Are Nissans Finally Better Than Hondas?

2010 Nissan 370Z NISMO

“Whoa, what the heck was that!?”

The Nissan 370Z flew by us with only a flash of its grille, then the quickly disappearing rear tail lights.

“It’s not a Porsche. It’s not a BMW. What is that? It’s beautiful. Go faster so we can see the front again.”

I obeyed, stepped on the gas and waited as my wife discovered for herself that the object of her desire was a Nissan.

The same Nissan that builds, in her view, the ugliest car in the world (aka, the Juke).

The same Nissan that could soon sell more cars in the U.S. than Honda.

Automotive News said yesterday:

I’m sure that we will overtake Honda,” said Jose Munoz, the chairman of Nissan North America. “How long is it going to take us? Time will tell, but it’s going to happen.”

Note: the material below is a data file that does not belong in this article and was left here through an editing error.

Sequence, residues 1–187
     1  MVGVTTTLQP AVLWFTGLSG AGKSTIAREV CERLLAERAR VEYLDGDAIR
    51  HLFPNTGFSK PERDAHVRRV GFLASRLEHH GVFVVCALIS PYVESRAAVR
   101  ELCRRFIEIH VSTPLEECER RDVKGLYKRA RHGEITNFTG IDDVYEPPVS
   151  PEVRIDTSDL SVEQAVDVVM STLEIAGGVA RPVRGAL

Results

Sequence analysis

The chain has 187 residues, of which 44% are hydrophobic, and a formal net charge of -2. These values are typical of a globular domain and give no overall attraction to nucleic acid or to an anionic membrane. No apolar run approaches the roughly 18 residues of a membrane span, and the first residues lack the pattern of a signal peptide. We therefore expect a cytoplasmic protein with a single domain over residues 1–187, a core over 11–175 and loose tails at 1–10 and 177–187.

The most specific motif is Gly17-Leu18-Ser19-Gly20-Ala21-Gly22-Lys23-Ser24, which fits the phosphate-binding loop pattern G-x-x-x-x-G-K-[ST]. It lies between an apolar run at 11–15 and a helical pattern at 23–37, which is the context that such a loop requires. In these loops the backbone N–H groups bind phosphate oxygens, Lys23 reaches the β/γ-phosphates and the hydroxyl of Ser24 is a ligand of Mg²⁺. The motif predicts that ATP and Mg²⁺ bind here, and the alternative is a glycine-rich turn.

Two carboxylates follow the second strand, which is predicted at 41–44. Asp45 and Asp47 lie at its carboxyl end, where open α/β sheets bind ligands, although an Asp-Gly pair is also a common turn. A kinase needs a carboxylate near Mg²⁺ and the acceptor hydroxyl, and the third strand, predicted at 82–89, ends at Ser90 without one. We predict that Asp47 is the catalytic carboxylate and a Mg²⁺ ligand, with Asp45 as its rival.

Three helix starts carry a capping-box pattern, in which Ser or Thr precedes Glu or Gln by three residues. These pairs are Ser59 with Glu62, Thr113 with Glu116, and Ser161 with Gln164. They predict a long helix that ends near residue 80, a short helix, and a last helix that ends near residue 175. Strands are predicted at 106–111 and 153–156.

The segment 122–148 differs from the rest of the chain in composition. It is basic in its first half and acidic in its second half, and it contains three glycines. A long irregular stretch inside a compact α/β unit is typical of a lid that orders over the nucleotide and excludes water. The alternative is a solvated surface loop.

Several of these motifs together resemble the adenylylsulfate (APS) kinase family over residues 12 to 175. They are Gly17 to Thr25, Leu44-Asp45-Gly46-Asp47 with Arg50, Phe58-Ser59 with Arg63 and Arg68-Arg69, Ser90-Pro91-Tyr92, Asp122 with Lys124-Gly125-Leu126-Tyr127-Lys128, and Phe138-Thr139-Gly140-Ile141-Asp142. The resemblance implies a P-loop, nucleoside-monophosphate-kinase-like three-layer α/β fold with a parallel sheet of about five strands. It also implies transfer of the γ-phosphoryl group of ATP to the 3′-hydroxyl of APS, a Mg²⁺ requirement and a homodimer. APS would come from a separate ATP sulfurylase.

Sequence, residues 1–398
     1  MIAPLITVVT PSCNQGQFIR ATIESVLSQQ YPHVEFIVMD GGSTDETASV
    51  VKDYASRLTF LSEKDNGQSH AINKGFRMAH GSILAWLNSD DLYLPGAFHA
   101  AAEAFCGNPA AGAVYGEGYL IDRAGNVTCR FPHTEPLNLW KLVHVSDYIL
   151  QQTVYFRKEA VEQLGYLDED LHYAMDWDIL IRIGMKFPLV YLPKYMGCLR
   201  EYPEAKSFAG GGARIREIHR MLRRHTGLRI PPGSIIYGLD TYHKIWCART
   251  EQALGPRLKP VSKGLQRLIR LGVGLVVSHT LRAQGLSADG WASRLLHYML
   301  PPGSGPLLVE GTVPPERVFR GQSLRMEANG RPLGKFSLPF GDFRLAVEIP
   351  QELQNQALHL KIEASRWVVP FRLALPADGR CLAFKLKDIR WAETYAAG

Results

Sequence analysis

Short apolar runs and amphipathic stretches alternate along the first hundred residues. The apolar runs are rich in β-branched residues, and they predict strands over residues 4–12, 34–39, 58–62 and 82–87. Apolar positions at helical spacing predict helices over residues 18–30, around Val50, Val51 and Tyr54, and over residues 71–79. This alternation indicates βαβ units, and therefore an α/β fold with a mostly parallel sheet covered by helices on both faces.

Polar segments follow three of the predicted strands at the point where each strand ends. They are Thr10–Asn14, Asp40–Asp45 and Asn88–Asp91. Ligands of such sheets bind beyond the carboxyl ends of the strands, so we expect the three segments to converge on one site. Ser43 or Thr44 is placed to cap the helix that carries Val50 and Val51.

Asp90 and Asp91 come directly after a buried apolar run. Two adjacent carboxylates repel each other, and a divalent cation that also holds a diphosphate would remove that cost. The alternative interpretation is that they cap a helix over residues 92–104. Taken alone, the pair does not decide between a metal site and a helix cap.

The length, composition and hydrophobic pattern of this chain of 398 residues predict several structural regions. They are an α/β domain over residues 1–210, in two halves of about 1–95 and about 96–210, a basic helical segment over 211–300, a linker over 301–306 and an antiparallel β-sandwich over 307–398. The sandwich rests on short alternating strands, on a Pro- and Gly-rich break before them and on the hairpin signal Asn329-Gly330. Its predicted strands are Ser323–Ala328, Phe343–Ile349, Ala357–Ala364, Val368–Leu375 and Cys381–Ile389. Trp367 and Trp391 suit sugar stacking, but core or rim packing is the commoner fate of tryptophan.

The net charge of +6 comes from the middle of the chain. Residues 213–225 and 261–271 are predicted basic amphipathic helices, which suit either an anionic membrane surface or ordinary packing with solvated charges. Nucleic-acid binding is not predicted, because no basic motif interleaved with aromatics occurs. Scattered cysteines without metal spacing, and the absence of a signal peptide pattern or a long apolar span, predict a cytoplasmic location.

While he says the company isn’t obsessed with leapfrogging Honda, Munoz is targeting a 10 percent share of the U.S. market by 2016.

Its share in the first seven months of this year was 8.6 percent, up from 7.4 percent in 2009.

Honda’s share, meanwhile, has slipped to 9.1 percent.

Nissan has always trailed Toyota and Honda in market share as a distant third, but those extreme designs are paying off as Honda’s conservative strategy is beginning to hurt.

The Nissan Altima and Maxima are far sleeker designs than the Honda Civic and Accord, and newer ones are on par with Honda’s legendary quality and reliability.

If you’re shopping for a new sedan or sports car, Nissan should be at the top of your list. The company’s SUVs and crossovers, though, aren’t as competitive (or as attractive) as Honda’s and Toyota’s, in my humble opinion.

If you’re shopping used, it’s tough to find a better value than a well-loved Honda.

Are Nissans finally better than Hondas?


Used Nissan 370Z
Used Nissan Juke
Used Nissan Altima
Used Nissan Maxima
Used Honda Civic
Used Honda Accord

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